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How To Deal With The Risks Of Asbestos

Posted on 19th May, 2017 | By Lorretta Tatham

Though asbestos is now a name universally associated with health risks, even to those outside the construction industry, it can still sometimes be underestimated by tradesmen and the general public alike. This week, we at Browns Safety are taking a quick look at exactly what makes it so dangerous, and how to avoid exposure.

What Is Asbestos And Why Is It Dangerous?

asbestos roofing

Asbestos is the collective name for a naturally occurring group of minerals that were once in widespread use in the construction industry, frequently mixed with cement. Asbestos fibres are long, thin and flexible, and also strong and durable. They’re highly resistant to fire and corrosion, and consequently asbestos was seen as an excellent insulator. If a building was constructed before the year 2000, it’s very likely that at least some parts of it contain some form of asbestos.

Unfortunately, asbestos is also extremely toxic, and its use is now outlawed in the UK. The qualities that make asbestos so useful to the construction industry are the same qualities that make it so harmful to humans; because asbestos fibres are so tough, they cannot be broken down by the human body. The most common ways for them to enter the body is through inhalation, and once swallowed or inhaled they can frequently become lodged in the lungs or digestive tract. This leads to diseases like asbestosis, lung cancer and mesothelioma, all of which can potentially be fatal (and indeed often are). Further factors which can affect the development of these diseases include the amount and duration of exposure, the age of the person in question and whether or not they are a smoker. The diseases often take a very long time to develop, and by the time they are diagnosed it’s usually too late to do anything about them.

Asbestos is actually not considered to be harmful unless it’s released dust or fibres into the air, and it’s for precisely this reason that anyone making any changes to a building – even superficially – has the potential for exposure. Asbestos is responsible for the deaths of about 20 tradesmen a week.

How Can You Prevent The Risks Of Asbestos?

dealing with asbestos

Asbestos is at its most hazardous when it’s friable (when it’s crumbled by hand, releasing fibres into the air). For example, sprayed-on asbestos insulation is highly friable, whereas asbestos floor tile is not. As touched on above, asbestos is extremely widespread, but if left intact usually does not pose a risk to human health. For this reason, whenever undertaking any new construction or architectural modification a risk assessment must always be carried out to identify whether or not asbestos is present at the worksite. If it is, care must be taken to avoid disturbing it if at all possible, and protective clothing must always be worn – this includes full body overalls and effective, properly fitted respirators. It’s also necessary to make arrangements for the safe disposal of asbestos waste.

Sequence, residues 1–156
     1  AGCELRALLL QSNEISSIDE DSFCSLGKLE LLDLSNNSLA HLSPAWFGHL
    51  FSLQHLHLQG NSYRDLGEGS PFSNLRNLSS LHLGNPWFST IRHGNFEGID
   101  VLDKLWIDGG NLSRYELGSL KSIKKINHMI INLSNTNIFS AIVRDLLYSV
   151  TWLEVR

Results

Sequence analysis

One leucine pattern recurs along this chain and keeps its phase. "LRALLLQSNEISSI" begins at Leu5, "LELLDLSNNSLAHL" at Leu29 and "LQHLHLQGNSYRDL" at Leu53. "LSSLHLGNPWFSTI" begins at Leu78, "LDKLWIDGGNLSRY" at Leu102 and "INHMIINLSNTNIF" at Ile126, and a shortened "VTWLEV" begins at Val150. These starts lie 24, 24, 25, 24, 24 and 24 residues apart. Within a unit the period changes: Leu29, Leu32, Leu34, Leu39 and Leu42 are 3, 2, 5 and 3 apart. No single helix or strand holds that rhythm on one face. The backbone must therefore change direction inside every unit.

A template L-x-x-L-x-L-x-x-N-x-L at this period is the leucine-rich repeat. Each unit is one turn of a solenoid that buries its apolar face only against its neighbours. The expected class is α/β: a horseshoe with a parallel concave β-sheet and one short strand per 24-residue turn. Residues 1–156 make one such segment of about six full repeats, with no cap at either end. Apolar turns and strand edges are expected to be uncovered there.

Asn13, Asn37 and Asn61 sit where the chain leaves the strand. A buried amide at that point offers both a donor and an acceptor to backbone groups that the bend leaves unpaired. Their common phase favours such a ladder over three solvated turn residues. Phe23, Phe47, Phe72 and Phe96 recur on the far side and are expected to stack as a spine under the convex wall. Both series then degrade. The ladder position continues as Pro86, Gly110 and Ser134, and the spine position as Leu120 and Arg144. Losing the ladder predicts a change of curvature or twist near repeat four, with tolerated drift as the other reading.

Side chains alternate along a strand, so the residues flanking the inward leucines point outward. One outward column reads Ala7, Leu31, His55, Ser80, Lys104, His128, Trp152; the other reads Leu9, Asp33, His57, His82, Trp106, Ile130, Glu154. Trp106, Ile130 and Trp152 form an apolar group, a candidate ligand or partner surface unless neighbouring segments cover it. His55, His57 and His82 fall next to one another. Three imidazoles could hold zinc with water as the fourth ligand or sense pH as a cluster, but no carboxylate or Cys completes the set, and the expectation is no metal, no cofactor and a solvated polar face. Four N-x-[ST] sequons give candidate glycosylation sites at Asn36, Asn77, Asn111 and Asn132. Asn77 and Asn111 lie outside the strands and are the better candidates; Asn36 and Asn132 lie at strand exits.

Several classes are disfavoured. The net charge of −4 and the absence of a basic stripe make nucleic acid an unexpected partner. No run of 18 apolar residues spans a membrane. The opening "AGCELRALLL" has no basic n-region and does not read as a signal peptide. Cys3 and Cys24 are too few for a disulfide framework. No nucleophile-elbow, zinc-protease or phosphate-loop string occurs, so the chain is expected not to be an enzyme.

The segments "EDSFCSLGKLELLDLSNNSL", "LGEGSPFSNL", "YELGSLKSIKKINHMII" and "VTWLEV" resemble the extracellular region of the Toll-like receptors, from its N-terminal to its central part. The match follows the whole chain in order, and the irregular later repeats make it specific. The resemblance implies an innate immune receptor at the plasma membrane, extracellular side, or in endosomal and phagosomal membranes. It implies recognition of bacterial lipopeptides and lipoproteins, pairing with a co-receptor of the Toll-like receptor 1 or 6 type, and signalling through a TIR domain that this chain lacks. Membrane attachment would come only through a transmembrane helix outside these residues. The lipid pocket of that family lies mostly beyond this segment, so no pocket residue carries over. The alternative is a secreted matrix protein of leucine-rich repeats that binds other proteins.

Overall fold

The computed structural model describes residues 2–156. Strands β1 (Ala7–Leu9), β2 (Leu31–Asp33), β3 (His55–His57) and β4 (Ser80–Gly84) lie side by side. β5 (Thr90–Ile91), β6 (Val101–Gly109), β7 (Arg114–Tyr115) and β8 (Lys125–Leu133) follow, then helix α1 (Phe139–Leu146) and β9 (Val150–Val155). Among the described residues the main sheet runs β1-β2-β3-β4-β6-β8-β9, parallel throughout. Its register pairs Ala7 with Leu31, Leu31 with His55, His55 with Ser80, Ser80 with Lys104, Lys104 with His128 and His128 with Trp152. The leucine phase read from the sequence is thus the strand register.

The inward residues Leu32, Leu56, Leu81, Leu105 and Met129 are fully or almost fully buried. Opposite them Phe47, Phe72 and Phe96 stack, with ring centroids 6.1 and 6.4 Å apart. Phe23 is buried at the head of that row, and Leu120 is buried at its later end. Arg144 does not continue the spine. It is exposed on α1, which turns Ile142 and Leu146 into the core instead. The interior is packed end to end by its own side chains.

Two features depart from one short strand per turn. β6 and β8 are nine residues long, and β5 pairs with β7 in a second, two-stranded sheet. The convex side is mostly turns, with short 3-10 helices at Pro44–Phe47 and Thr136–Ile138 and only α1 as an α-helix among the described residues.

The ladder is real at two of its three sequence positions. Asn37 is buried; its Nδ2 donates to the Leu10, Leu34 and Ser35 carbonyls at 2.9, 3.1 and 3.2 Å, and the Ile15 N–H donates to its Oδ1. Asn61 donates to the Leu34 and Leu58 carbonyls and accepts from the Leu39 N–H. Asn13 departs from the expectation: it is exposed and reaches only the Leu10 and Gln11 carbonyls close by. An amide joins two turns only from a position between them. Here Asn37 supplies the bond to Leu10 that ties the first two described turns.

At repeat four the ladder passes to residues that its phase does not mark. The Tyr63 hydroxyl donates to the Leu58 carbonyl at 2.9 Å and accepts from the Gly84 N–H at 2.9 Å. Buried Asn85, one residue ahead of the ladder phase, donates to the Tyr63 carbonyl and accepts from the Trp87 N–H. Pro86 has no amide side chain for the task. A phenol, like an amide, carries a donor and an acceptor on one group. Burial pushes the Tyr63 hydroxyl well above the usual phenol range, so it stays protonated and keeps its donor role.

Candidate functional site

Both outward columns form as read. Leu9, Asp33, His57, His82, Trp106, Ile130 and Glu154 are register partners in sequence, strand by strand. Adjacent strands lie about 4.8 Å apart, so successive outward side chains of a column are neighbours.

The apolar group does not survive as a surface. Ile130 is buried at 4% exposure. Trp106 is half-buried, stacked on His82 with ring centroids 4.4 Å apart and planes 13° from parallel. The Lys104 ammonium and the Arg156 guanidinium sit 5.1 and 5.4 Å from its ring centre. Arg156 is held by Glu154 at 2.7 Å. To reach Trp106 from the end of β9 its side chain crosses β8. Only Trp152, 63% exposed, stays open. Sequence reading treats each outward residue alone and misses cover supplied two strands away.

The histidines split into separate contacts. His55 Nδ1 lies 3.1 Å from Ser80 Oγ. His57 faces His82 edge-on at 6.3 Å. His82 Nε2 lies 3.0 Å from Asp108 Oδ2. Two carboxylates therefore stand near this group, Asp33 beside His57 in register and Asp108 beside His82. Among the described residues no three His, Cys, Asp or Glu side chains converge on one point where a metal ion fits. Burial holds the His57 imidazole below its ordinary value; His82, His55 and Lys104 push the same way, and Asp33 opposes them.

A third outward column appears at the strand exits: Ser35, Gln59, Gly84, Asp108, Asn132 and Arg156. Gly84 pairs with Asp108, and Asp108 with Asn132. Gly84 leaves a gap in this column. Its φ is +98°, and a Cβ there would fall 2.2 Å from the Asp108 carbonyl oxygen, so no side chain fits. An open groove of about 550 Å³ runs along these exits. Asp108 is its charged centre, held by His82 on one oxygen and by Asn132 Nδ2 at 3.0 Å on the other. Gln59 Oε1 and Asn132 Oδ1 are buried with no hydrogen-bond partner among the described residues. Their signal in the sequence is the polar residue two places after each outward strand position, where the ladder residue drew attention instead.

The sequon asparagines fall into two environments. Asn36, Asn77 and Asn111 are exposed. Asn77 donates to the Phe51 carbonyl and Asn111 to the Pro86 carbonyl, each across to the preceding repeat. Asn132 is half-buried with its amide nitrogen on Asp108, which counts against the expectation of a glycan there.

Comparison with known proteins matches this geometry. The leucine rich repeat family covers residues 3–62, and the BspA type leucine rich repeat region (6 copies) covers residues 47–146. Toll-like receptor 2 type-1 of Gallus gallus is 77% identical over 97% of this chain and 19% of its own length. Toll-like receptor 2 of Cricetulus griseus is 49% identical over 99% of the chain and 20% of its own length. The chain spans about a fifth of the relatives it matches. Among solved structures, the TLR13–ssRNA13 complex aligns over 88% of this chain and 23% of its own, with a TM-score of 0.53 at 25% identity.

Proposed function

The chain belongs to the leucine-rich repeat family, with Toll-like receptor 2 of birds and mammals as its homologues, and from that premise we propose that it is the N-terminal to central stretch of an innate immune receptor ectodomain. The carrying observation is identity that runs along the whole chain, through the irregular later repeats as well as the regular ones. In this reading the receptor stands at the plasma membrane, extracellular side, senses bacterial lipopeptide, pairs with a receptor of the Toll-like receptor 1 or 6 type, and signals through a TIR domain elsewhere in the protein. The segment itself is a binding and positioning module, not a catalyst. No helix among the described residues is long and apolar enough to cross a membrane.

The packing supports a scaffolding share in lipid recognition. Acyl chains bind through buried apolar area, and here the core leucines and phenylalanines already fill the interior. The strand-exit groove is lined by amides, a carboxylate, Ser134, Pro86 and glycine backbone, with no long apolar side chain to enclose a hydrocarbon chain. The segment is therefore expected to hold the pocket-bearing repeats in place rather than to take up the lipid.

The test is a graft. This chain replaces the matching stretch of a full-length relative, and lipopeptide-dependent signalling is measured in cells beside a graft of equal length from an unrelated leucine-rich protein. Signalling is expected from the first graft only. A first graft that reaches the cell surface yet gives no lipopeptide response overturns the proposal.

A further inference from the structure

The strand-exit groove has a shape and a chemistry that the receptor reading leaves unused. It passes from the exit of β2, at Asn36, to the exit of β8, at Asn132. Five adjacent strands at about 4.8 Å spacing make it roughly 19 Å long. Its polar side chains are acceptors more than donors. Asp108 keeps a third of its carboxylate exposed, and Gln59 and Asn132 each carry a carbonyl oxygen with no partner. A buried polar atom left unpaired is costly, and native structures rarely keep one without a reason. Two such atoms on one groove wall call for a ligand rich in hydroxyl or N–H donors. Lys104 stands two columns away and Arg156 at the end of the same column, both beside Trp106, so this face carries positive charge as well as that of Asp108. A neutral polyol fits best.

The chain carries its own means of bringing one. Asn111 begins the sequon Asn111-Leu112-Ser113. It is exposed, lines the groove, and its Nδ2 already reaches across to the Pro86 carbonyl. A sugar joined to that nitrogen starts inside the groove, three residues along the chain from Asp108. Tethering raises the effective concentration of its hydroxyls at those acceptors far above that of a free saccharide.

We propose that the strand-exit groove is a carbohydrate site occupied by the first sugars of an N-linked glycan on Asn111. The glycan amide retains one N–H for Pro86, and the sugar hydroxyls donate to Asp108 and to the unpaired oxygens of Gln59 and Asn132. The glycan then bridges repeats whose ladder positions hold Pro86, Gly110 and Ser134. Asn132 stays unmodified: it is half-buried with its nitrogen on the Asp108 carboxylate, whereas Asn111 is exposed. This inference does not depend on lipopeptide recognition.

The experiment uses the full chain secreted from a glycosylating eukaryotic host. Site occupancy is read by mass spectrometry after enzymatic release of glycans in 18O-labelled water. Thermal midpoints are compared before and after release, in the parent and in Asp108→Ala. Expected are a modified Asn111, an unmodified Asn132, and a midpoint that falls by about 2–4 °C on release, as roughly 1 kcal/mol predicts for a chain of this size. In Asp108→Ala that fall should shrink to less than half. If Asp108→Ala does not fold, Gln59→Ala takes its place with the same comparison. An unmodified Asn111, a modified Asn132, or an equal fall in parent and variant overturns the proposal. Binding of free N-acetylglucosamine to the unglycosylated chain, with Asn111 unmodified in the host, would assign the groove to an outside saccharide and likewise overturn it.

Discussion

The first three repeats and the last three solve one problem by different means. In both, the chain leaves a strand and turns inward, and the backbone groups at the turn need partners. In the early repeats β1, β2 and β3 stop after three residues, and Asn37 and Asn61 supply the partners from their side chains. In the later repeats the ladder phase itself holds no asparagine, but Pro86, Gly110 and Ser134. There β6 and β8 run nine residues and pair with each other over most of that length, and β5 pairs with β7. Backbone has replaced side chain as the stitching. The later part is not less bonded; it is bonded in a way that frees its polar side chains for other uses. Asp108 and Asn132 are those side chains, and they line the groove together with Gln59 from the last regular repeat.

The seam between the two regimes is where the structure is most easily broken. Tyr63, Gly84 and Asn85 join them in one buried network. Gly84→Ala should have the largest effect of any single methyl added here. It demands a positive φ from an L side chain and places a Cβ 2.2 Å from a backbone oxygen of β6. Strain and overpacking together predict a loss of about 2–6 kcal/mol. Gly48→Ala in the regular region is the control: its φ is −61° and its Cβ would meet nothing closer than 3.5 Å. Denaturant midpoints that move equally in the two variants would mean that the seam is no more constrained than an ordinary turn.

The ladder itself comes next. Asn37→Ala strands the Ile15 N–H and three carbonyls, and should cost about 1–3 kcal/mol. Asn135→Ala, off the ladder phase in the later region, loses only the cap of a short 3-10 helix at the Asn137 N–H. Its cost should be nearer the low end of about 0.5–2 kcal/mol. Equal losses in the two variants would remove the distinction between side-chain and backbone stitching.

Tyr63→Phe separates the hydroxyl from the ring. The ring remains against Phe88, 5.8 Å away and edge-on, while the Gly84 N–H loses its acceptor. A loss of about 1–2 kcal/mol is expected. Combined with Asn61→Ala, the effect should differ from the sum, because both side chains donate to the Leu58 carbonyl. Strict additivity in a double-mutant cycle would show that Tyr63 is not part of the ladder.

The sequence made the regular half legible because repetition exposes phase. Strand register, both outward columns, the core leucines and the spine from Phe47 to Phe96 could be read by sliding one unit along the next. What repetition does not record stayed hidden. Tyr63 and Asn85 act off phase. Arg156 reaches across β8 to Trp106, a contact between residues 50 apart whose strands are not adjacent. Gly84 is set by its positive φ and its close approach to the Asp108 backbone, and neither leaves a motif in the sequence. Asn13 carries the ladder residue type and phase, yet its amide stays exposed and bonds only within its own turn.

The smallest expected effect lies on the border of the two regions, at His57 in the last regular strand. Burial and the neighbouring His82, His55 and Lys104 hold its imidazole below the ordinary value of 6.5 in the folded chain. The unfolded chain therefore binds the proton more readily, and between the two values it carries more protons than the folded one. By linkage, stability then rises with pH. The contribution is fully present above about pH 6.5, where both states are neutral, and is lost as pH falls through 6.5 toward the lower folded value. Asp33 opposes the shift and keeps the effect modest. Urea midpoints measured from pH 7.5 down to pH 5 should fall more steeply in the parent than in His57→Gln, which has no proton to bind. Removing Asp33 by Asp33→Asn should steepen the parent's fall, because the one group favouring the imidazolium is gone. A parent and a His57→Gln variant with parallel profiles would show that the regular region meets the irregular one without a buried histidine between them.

Though it might seem obvious, we feel it’s worth saying: at Browns Safety, we would strongly advise against undertaking this sort of work without the presence of a fully qualified construction professional. We offer an Asbestos Awareness training course that highlights the dangers of working with asbestos. We’ve mentioned some of the broader points in this article, but the course goes into detail about the types of asbestos, the specifics of its impacts on human health, and further information on how to avoid exposure.

You can click here to make a course enquiry, or you can find out about some of the other health and safety courses we offer nationwide. If you have any further questions or need any help or advice, you can always call us on 01282 615517.

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